Less diesel, less CO2, even greener: DB Cargo is renewing its shunting and mainline locomotive fleet by ordering new dual-mode locomotives. Manufacturer Siemens Mobility won the framework agreement for up to 400 units, representing an investment volume of well over one billion euros. The Vectron Dual Mode locomotives will be delivered with adaptations specifically designed for the range of services planned by DB Cargo. The cargo arm of DB has initially ordered 100 locomotives of the 248 series. Deliveries will begin in 2023.
“Double drives and double benefits: We will grow and rejuvenate our fleet for our customers with a state-of-the-art, powerful locomotive. At the same time, we are underpinning the environmental friendliness of rail. This new locomotive fits us because it’s just like us at DB Cargo: big, green and powerful!” said Ralf Günter Kloß.
Member of the Management Board at DB Cargo responsible for production. “With the Vectron Dual Mode, DB Cargo is investing in future-proof, sustainable and economical rail freight transport. As an alternative to conventional diesel locomotives, the Vectron Dual Mode offers the best of two worlds: It operates purely in electric mode on electrified sections of the route to save fuel and reduce maintenance costs. And it can be switched to diesel operation on stretches without overhead lines, eliminating the need to change locomotives,” said Albrecht Neumann, CEO of Rolling Stock at Siemens Mobility.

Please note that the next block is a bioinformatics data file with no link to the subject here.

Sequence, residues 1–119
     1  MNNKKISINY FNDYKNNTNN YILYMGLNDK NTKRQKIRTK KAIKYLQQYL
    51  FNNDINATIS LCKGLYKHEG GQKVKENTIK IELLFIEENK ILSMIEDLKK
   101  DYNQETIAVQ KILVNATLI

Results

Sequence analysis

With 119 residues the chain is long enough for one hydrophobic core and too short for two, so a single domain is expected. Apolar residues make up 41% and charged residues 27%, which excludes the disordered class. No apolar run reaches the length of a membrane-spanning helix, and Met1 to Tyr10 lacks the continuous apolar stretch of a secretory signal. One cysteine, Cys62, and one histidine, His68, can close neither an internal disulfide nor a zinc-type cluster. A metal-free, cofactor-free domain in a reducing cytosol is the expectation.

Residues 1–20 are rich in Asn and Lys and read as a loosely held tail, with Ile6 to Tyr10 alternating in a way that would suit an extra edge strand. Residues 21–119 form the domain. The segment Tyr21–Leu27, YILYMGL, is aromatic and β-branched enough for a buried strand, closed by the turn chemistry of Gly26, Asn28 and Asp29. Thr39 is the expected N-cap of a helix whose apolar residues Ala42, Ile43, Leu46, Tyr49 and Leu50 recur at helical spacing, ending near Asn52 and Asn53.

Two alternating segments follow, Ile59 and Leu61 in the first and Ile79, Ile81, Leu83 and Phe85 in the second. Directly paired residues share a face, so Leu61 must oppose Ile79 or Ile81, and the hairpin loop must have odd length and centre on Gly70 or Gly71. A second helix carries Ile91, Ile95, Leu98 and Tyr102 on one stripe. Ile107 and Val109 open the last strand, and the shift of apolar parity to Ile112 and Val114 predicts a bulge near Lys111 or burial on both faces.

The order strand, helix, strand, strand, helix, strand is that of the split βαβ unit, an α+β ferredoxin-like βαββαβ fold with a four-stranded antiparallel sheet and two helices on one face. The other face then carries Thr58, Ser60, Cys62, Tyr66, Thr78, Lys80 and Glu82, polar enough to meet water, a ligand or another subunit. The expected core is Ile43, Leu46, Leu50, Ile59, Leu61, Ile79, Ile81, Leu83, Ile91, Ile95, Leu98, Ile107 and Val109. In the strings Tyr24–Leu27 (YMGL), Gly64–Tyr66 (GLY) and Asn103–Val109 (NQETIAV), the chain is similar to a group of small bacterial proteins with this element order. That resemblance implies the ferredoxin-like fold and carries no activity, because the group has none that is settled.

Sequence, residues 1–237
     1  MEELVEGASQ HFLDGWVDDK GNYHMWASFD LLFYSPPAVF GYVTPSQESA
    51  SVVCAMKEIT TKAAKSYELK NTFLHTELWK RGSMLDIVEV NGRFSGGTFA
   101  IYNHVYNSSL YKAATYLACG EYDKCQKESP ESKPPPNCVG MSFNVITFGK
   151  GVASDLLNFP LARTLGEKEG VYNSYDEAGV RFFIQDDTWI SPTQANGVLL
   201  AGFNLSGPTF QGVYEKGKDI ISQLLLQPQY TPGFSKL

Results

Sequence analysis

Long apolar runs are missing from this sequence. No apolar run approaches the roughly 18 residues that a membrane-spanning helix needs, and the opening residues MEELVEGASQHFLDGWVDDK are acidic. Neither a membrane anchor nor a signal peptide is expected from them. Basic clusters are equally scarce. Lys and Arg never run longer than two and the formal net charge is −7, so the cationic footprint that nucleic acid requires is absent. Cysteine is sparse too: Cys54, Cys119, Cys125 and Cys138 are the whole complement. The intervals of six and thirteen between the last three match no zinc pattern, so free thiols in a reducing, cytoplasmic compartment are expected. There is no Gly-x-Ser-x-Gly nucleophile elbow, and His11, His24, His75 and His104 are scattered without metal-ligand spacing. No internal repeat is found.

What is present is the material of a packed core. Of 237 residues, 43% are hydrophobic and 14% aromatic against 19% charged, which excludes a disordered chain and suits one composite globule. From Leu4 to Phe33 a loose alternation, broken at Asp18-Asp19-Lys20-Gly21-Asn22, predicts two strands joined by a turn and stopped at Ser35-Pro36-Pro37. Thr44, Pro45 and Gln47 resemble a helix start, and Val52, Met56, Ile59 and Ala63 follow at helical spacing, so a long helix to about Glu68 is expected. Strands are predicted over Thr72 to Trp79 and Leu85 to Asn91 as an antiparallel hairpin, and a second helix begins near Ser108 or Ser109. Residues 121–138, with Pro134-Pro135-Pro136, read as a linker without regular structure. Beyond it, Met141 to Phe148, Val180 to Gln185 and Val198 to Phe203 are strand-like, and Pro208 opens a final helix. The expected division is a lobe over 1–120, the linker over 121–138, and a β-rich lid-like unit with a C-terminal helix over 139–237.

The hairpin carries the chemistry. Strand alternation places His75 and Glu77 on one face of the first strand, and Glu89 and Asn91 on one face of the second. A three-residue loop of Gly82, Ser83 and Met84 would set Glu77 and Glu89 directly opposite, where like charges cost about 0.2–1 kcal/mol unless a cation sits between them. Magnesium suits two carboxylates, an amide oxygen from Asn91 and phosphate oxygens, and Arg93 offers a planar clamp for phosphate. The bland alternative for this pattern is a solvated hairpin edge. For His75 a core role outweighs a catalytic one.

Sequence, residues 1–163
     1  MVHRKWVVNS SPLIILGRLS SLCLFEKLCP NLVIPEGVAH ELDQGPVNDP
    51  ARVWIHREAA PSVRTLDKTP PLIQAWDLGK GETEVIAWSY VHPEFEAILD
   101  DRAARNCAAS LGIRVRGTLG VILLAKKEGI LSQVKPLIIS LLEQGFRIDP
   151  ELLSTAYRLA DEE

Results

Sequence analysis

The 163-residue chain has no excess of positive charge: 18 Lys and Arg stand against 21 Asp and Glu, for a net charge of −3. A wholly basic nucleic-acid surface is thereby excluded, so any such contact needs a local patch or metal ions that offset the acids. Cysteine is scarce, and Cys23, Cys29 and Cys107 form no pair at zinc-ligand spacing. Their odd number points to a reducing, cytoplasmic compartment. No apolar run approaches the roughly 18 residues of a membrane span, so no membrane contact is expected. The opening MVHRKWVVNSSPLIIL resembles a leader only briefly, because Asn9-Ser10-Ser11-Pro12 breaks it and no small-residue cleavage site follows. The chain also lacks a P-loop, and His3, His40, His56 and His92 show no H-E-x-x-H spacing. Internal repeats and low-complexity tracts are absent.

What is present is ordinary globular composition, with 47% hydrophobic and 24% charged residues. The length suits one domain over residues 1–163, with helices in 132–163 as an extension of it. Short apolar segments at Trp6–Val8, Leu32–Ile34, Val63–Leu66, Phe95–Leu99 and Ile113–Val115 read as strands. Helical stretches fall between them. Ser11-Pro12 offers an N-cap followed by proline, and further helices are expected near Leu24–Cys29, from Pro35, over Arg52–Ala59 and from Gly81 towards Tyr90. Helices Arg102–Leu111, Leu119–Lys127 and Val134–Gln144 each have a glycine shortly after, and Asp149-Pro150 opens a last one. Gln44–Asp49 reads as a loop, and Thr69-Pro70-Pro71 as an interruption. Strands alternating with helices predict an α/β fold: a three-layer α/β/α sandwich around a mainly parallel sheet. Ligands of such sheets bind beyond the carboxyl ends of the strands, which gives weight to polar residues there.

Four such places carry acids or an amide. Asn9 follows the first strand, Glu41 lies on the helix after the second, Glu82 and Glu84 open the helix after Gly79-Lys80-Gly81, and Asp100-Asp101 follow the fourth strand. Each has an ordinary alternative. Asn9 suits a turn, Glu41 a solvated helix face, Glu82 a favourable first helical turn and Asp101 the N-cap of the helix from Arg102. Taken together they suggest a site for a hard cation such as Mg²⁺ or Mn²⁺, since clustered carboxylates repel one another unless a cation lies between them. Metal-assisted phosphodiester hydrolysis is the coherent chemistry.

Diesel locomotives are still used today to shunt freight cars to customer sidings in wagonload freight service. Even if the main route is electrified, the “last mile” to the customer can usually be accessed only with an internal combustion locomotive. The dual-mode locomotive can do both: run with a diesel engine or with power from overhead lines. This capability reduces both diesel consumption and CO2 emissions. With the new Vectron Dual Mode locomotives, DB can save around eight million liters of fuel and reduce CO2 emissions by 17,000 tons a year. DB Cargo plans to have around 70 percent of its diesel locomotives equipped with innovative electric drives by 2030.
Source and photo credits: Siemens